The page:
Excerpted from an article by Shathley Q
Surprisingly, the most hopeful of [...] new companies comes at our darkest hour. Radical was established during the 2007-2008 financial crisis by Barry Levine and Jesse Berger. In conversation, Levine demonstrates that kind of indomitable will that Warren Buffet alludes to when he says, “Do you want to be fearful when others are fearful?” Before they had offices, they met with investors at a Coffee Bean. “So much that they must have thought we owned shares in the place,” Levine jokes. But it’s not just simply Levine’s unapologetic defense of creators that drives Radical, it’s that Radical is arguably the first fully transmedia company.
Rather than conceive of projects as segregate ventures in different fields of the entertainment industry (it’s a comic book that might be a movie at some point), Radical is geared towards transmedia. Projects are simultaneously developed as comics, movies, videogames. Creators become creators in the truest of senses.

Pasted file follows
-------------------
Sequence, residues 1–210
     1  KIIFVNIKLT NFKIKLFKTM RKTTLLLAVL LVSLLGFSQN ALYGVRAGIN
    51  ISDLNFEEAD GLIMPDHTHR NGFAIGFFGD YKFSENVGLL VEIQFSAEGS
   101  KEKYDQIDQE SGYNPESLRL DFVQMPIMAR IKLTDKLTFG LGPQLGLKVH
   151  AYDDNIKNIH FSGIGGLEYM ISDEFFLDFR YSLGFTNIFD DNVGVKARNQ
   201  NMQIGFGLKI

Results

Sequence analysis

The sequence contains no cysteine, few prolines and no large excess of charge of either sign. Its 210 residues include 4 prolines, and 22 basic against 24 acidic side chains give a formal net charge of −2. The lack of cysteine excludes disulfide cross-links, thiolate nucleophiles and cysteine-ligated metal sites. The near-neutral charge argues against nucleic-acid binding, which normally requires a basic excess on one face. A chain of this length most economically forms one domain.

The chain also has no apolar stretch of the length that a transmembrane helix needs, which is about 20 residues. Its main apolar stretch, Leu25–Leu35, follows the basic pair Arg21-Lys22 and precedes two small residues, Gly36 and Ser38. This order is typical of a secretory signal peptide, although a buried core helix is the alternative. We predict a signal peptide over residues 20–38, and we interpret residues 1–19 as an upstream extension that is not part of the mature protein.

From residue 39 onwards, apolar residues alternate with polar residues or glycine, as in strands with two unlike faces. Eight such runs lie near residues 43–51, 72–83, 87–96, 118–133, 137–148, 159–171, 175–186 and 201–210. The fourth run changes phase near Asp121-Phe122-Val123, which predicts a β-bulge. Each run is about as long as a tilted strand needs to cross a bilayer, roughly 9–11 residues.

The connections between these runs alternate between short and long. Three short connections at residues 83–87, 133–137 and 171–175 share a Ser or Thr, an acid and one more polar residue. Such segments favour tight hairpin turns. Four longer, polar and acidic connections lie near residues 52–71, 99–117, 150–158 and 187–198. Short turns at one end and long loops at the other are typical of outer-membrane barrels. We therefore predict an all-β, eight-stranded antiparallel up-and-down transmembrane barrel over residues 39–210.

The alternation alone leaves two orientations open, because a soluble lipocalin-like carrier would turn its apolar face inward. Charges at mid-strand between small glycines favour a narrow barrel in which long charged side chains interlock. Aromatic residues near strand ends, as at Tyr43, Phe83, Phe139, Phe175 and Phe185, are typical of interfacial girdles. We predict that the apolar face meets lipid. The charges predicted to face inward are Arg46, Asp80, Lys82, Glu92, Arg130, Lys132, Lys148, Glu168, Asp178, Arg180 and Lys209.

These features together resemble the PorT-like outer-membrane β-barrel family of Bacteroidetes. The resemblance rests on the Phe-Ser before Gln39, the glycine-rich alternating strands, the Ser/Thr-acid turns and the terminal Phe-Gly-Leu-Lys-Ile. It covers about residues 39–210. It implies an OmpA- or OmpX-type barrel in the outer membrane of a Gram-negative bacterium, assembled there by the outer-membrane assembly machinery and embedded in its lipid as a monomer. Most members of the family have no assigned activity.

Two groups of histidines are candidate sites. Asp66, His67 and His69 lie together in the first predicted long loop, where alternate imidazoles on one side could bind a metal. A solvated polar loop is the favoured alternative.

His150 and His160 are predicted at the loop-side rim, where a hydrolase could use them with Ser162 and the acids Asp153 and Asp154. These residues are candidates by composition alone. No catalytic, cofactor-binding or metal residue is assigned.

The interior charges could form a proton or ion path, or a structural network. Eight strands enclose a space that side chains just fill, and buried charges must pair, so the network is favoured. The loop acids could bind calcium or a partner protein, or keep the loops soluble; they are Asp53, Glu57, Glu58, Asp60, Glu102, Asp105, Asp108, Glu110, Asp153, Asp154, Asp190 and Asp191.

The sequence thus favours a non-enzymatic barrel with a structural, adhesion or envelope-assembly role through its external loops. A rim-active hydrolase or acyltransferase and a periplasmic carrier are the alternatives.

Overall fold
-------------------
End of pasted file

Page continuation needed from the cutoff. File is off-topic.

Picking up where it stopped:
Radical’s project certainly seems to be succeeding. Not only have they lured major comics names like David Hine, Peter Milligan, David Lapham, [and] Joshua Dysart, but they’ve secured deals with A-list stars like Tom Cruise, Hilary Swank and Sam Worthington. Radical’s advantage is twofold. Not only is it not weighted down by 20th century organizational principles, but it also embraces the social media-driven aspect of the 21st century. Very convincingly, Levine and Berger have built something that reflects what entertainment is at its fullest.
Click here to go to the full article at PopMatters.com.